Fraudsters have been increasingly focused on mobile services, with one-third of all fraud attacks worldwide reportedly targeting mobile during the first half of 2018 — a 24 percent year-over-year increase.
Consumers have reason to be concerned, especially when choosing which mobile services to trust with their personal finances, and many may resultantly prefer to use apps from major financial companies with long-established reputations over those from fledgling startups.
Such caution presents a high bar that app-based startups must overcome. So, how can consumers be persuaded to take a chance on these new companies?
Nicolas Dinh, chief operating officer of year-old Canadian financial startup STACK, recently spoke with PYMNTS about the key forms of fraud that nascent mobile financial services firms face and how companies can leverage security technologies and partnerships to gain customers’ trust. STACK’s mobile app provides budget management and spending accounts, among other services.
“Startups like STACK are at a disadvantage by default because we lack the reputational track records of more established institutions and brands,” Dinh said.
Fighting Fraud Visibly and Invisibly
Financial services providers must run tight ships when offering mobile services, and various techniques can help keep them secure. Dinh noted they must be especially wary of the most prevalent attacks, such as fraudsters seeking to take over existing customer accounts or onboard using synthetic IDs — falsified documents created by altering or cobbling together pieces of legitimate IDs. Firms looking to keep legitimate users secure must take many steps that may seem minor by themselves, but combine to offer robust protection, he said.
STACK implements various behind-the-scenes procedures — tokenization, identity verification and automated fraud detection, for example — and provides customer-facing options that give users a sense of control and transparency. These tools include instant transaction notifications as well as capabilities to suspend or freeze cards and generate and use virtual cards when making online payments to previously unfamiliar merchants. Virtual cards are also beneficial because they can be reissued faster than plastic cards in the event of a merchant’s data breach.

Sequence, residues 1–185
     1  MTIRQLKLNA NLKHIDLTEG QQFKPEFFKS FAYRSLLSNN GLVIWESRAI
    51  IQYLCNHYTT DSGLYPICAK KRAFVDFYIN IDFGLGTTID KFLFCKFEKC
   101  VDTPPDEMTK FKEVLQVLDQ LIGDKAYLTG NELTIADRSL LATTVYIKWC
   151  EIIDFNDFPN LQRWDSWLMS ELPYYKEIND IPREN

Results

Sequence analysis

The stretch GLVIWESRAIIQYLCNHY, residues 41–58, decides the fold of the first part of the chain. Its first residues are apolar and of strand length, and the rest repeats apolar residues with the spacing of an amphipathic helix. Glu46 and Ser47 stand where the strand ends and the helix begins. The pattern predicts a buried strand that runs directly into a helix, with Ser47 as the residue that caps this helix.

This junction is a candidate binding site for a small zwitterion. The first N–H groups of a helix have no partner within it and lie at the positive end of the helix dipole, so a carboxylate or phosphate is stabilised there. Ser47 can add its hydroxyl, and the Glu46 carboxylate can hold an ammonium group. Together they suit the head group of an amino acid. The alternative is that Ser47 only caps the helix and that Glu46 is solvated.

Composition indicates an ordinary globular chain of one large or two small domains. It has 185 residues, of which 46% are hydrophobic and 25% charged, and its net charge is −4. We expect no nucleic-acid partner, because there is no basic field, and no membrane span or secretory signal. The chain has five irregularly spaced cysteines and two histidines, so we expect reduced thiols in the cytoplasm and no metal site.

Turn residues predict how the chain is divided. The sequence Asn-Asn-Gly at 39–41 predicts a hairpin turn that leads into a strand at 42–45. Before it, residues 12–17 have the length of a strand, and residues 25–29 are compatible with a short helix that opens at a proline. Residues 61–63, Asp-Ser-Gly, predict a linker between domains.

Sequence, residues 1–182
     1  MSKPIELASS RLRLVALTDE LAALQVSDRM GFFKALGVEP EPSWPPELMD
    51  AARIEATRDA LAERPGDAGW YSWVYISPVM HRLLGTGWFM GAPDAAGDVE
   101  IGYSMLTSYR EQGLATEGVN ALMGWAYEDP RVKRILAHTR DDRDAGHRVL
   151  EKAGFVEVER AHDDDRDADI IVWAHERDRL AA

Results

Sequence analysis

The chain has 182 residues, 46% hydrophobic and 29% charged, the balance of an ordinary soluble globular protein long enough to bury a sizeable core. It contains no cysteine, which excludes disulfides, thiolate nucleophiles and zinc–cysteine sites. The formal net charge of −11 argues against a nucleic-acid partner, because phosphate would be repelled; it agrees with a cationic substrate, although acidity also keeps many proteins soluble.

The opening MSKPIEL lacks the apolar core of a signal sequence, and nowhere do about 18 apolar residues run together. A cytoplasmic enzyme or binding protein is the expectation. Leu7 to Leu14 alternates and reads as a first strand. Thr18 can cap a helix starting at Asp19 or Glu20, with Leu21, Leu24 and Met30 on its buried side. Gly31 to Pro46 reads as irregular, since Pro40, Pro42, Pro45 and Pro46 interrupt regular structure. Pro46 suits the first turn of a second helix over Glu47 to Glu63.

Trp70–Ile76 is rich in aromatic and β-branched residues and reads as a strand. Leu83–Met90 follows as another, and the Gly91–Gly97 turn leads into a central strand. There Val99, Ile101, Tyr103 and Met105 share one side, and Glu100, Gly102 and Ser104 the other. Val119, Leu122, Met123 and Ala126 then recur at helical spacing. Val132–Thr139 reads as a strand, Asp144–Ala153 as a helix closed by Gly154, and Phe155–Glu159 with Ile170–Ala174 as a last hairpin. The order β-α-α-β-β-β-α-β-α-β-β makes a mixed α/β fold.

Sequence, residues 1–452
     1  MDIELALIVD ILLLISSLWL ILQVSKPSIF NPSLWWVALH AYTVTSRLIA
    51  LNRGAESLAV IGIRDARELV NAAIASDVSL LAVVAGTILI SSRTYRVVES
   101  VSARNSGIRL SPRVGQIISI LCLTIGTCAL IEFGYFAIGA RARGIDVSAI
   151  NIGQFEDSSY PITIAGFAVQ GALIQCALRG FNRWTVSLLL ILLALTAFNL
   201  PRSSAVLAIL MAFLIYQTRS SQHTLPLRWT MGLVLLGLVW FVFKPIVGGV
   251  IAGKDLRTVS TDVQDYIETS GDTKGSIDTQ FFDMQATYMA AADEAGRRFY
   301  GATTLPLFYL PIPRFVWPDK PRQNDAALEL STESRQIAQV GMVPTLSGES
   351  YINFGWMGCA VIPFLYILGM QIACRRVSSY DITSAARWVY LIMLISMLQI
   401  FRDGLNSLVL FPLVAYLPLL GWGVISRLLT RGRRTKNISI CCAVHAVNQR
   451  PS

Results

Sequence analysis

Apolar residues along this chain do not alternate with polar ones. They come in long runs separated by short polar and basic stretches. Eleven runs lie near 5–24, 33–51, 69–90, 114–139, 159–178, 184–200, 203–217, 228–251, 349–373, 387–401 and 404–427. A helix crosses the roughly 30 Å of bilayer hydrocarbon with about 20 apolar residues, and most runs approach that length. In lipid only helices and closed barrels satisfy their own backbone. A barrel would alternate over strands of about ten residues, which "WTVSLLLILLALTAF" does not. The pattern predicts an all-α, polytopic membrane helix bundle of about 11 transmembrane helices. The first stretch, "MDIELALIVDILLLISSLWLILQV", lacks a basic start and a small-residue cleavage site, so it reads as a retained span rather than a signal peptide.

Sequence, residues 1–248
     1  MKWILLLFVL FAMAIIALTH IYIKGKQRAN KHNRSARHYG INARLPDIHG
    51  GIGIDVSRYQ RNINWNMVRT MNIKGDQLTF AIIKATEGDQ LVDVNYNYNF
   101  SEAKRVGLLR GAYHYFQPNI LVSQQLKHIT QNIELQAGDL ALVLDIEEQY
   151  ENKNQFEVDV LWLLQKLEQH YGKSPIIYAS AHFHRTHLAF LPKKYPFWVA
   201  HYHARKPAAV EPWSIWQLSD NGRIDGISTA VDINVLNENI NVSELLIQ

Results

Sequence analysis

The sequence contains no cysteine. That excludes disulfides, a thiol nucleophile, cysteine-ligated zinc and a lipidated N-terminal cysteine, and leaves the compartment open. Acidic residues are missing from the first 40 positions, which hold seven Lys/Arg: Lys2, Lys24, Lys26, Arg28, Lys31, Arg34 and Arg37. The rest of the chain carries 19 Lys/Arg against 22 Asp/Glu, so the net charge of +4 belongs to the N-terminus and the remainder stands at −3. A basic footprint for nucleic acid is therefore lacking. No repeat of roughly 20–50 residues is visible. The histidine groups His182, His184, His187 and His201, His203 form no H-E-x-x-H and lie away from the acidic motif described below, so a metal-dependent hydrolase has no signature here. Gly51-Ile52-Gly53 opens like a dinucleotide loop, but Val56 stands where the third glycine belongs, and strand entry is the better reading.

“More customer-facing capabilities give [users] peace of mind, [such as] having the ability at any point in time to shut down a card,” Dinh said. “Consumers in general want to be empowered … This is starting to become table stakes.”
Communication is also critical, and Dinh recommended providing in-app, chat-based support as well as publishing notifications to keep customers informed about matters such as maintenance outages.
Partnering With Established Players
Startups can also make customers feel secure by piggybacking on well-known financial companies’ reputations. STACK works with major payment networks that can provide safeguards like zero liability protection, for example, ensuring that cardholders are not on the hook for any fraudulent card charges that issuers or cardholders discover and report.
“To bridge the [reputation] gap initially, [a startup should] partner directly with institutions such as a regulated bank sponsor to help build that initial level of trust with consumers,” Dinh advised.
This approach remains important as the company considers international expansion. Going global requires forming close partnerships with local bank sponsors and regulators to ensure compliance, Dinh explained. Global technology providers are also important, as they can offer insight and support to accelerate and simplify compliance efforts in new markets.
Partnerships with players like Trulioo are helping STACK offer quicker onboarding. Applicants who present low risk for money laundering or fraud are typically processed within two minutes.
Facing Future Fraud
Synthetic IDs are a major threat in today’s digital financial services space, but more advanced attacks are sure to emerge as technology evolves. Companies have deployed liveness checks and other robust measures to help verify identities and combat fraud, and they will have to continue to upgrade their defenses to stay ahead as scams like deepfakes become more prominent, Dinh predicted.
Hackers can use these highly realistic, falsified videos to challenge today’s liveness tests, thus necessitating that companies keep working to improve their toolkits to detect and thwart this and other new types of fraud.
Dinh expects to see increased investments in neural networks, sets of algorithms that mimic the human brain to detect patterns in data, for behavioral fingerprinting. The latter involves assessing devices’ web browsing and navigating behavior for patterns that deviate from the norm and might indicate illicit takeovers.
Fraud in mobile services is a continuously developing issue that deeply affects consumers and businesses. Startups cannot afford to fall behind on security measures as they work to build their user bases.
Robust, cutting-edge security methods — whether through collaborations with major partners, careful processing procedures or powerful technologies — are vital to young companies seeking to earn trust and establish reputations for safeguarding their customers.